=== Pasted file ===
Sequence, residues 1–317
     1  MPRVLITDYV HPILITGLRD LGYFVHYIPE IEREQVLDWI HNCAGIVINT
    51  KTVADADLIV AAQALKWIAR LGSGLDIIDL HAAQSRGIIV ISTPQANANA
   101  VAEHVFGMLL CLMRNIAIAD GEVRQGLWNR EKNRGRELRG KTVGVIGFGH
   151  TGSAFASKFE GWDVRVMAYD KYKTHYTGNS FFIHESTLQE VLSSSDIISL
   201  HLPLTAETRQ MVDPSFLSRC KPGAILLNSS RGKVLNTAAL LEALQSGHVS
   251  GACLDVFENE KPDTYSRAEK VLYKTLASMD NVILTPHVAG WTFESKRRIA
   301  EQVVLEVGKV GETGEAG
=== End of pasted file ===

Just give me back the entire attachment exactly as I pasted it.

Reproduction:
Sequence, residues 1–317
     1  MPRVLITDYV HPILITGLRD LGYFVHYIPE IEREQVLDWI HNCAGIVINT
    51  KTVADADLIV AAQALKWIAR LGSGLDIIDL HAAQSRGIIV ISTPQANANA
   101  VAEHVFGMLL CLMRNIAIAD GEVRQGLWNR EKNRGRELRG KTVGVIGFGH
   151  TGSAFASKFE GWDVRVMAYD KYKTHYTGNS FFIHESTLQE VLSSSDIISL
   201  HLPLTAETRQ MVDPSFLSRC KPGAILLNSS RGKVLNTAAL LEALQSGHVS
   251  GACLDVFENE KPDTYSRAEK VLYKTLASMD NVILTPHVAG WTFESKRRIA
   301  EQVVLEVGKV GETGEAG